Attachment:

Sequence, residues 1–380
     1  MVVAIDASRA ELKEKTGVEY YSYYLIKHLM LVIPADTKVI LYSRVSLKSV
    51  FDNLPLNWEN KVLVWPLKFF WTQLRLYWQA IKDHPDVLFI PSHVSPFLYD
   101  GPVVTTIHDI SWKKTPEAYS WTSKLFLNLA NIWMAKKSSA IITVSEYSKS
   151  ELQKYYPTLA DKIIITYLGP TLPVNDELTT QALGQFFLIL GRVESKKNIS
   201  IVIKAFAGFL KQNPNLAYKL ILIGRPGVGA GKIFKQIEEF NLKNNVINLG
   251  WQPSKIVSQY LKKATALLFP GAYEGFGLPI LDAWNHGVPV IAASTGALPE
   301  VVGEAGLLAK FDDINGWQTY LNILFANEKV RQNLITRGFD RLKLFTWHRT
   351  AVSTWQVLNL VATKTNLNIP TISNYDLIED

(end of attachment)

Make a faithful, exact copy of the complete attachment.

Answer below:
Sequence, residues 1–380
     1  MVVAIDASRA ELKEKTGVEY YSYYLIKHLM LVIPADTKVI LYSRVSLKSV
    51  FDNLPLNWEN KVLVWPLKFF WTQLRLYWQA IKDHPDVLFI PSHVSPFLYD
   101  GPVVTTIHDI SWKKTPEAYS WTSKLFLNLA NIWMAKKSSA IITVSEYSKS
   151  ELQKYYPTLA DKIIITYLGP TLPVNDELTT QALGQFFLIL GRVESKKNIS
   201  IVIKAFAGFL KQNPNLAYKL ILIGRPGVGA GKIFKQIEEF NLKNNVINLG
   251  WQPSKIVSQY LKKATALLFP GAYEGFGLPI LDAWNHGVPV IAASTGALPE
   301  VVGEAGLLAK FDDINGWQTY LNILFANEKV RQNLITRGFD RLKLFTWHRT
   351  AVSTWQVLNL VATKTNLNIP TISNYDLIED